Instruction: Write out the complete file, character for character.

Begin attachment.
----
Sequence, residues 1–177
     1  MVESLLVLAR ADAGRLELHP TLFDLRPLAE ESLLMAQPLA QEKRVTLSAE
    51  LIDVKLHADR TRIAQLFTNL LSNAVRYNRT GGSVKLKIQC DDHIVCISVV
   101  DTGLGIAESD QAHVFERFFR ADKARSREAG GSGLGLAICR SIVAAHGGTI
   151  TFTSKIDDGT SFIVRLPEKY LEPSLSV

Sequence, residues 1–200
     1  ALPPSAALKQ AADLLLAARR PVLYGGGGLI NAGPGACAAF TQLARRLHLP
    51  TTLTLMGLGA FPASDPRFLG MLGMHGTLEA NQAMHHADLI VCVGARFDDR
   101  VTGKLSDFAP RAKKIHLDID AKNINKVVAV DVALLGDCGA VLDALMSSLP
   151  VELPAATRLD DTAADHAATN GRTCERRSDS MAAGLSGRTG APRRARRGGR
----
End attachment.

Sequence, residues 1–177
     1  MVESLLVLAR ADAGRLELHP TLFDLRPLAE ESLLMAQPLA QEKRVTLSAE
    51  LIDVKLHADR TRIAQLFTNL LSNAVRYNRT GGSVKLKIQC DDHIVCISVV
   101  DTGLGIAESD QAHVFERFFR ADKARSREAG GSGLGLAICR SIVAAHGGTI
   151  TFTSKIDDGT SFIVRLPEKY LEPSLSV

Sequence, residues 1–200
     1  ALPPSAALKQ AADLLLAARR PVLYGGGGLI NAGPGACAAF TQLARRLHLP
    51  TTLTLMGLGA FPASDPRFLG MLGMHGTLEA NQAMHHADLI VCVGARFDDR
   101  VTGKLSDFAP RAKKIHLDID AKNINKVVAV DVALLGDCGA VLDALMSSLP
   151  VELPAATRLD DTAADHAATN GRTCERRSDS MAAGLSGRTG APRRARRGGR